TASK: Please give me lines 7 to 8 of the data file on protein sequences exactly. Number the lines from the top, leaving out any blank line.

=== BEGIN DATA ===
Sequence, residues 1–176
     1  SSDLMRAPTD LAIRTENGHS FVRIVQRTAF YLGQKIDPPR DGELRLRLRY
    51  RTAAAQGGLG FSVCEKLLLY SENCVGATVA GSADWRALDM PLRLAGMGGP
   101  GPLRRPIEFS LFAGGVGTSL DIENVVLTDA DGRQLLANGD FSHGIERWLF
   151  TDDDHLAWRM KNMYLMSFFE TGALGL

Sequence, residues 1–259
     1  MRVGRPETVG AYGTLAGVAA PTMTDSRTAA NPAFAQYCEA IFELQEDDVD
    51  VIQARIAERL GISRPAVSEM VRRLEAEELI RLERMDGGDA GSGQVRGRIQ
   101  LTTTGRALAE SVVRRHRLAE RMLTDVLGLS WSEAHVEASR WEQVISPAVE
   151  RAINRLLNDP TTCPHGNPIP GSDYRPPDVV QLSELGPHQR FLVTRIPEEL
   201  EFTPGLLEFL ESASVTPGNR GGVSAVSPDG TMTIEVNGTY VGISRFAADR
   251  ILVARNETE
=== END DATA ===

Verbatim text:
     1  MRVGRPETVG AYGTLAGVAA PTMTDSRTAA NPAFAQYCEA IFELQEDDVD
    51  VIQARIAERL GISRPAVSEM VRRLEAEELI RLERMDGGDA GSGQVRGRIQ